When Jim Pinkerton says he must attend to his “queen bee,” he is not referring to his wife of 30 years, Joanne. He is actually referring to a bee! Jim is one of the thousands of beekeeping enthusiasts in this country who share an interest in apiculture – the keeping of bees!
Jim, who has always loved nature, credits his uncle, a teacher who lived in the Catskills of New York and kept bees (at one point he had several hundred hives), for his almost instantaneous fascination with apiculture.
In 2000, Jim’s uncle retired and moved to Luther Acres in Lititz. He brought six hives with him, relocating two of them to the backyard of Jim’s thriving business in Mount Joy, The Gathering Place. This allowed Jim to have close, daily contact with the hives, plus it allowed him to tap expert help on the part of his uncle. Jim became hooked on beekeeping, admitting, “It’s become my passion.”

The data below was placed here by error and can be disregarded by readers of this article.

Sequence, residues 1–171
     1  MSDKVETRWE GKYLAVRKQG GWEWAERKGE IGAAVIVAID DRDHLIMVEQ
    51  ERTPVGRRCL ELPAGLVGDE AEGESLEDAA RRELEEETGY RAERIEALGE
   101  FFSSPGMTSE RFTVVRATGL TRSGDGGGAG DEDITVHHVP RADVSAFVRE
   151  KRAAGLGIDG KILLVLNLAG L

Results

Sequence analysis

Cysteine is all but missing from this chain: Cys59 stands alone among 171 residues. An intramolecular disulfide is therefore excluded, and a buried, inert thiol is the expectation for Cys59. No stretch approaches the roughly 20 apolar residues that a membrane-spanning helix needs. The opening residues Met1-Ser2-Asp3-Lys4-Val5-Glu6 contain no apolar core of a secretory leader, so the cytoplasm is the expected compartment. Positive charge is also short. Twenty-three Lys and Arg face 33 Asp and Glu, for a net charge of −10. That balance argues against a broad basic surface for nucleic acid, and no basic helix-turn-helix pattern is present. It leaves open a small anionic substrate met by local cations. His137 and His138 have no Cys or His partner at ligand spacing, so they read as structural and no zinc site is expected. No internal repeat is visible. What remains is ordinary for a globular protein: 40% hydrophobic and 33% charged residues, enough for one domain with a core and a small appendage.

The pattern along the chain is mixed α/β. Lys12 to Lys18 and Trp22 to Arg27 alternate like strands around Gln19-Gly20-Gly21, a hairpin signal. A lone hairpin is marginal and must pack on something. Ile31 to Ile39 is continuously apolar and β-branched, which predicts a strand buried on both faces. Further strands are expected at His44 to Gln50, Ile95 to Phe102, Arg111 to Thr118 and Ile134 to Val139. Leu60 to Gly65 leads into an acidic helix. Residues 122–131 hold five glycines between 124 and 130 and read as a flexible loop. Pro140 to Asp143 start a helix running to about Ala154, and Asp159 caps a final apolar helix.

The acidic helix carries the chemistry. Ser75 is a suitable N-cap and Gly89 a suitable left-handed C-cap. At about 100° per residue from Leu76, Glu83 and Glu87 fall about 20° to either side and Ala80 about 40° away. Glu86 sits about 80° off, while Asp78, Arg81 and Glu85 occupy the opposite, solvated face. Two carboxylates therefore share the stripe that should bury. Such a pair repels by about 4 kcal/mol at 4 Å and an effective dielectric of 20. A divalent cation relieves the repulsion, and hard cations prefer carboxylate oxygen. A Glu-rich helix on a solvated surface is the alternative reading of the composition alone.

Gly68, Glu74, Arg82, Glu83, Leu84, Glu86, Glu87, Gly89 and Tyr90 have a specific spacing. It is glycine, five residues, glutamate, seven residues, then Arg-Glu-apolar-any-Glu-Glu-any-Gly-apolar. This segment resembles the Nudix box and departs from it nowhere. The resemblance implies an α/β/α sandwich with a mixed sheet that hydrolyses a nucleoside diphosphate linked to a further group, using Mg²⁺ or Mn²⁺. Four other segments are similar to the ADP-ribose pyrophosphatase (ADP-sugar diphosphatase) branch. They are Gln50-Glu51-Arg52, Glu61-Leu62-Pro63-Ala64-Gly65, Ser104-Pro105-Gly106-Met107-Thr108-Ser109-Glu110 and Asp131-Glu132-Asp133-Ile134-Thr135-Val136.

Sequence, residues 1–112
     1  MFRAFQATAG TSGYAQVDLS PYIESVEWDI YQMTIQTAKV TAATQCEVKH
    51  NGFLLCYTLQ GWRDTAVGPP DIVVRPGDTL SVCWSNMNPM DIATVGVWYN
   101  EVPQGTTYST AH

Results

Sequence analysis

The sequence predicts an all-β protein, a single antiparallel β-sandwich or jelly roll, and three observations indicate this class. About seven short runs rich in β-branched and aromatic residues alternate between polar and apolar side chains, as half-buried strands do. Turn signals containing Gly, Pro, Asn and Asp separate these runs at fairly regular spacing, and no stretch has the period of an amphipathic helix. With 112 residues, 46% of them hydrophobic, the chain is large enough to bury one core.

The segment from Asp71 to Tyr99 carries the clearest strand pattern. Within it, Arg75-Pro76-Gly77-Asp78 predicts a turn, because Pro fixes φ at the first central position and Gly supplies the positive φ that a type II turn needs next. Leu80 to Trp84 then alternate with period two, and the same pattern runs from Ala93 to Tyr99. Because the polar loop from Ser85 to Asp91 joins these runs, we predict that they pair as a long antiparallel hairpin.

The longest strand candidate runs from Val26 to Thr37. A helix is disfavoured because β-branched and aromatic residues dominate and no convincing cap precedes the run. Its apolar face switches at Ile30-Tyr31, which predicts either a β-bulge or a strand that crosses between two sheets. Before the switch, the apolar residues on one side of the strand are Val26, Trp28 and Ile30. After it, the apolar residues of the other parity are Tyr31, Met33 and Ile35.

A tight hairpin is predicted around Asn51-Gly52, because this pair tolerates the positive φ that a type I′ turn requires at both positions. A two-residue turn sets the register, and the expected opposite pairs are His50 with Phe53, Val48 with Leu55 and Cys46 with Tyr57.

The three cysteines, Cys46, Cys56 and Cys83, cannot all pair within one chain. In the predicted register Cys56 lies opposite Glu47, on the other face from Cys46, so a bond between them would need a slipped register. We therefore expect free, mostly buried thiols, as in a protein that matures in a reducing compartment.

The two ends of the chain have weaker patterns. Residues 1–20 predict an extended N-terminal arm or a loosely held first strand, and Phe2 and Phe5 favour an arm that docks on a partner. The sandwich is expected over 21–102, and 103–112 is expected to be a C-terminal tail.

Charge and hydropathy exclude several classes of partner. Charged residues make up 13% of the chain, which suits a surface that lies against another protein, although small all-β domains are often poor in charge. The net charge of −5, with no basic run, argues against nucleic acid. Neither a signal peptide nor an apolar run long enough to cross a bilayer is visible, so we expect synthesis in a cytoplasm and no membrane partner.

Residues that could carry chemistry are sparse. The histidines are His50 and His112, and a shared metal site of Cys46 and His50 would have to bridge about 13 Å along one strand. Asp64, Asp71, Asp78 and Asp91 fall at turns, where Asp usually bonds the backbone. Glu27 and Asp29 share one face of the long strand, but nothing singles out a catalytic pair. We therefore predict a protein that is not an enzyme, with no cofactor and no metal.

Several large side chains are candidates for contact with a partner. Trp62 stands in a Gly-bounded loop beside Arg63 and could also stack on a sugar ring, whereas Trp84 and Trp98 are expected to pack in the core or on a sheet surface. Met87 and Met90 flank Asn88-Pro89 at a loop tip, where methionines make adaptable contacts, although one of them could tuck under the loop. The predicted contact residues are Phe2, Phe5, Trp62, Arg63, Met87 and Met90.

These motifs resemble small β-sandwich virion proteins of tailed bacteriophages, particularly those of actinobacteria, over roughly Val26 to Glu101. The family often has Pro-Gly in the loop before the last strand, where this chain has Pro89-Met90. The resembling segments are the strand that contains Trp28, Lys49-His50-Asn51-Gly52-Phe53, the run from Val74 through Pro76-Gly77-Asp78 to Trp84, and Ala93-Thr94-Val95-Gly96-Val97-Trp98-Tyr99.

Jim became an active member of the Lancaster County Beekeepers Society (LCBS), which was founded in 1876, serving a five-year term as its president. December 2015 marked the end of his tenure, as five years is the maximum amount of time a president may serve. He remains active in the club, still preparing the LCBS newsletter.
Jim names the observation beehive at the North Museum as his favorite accomplishment during his term as president of LCBS. Jim and Dan Chambers (who is another past-president of the club) implemented and continue to maintain the museum’s hive. Dan did the cabinet work and the building of the hive.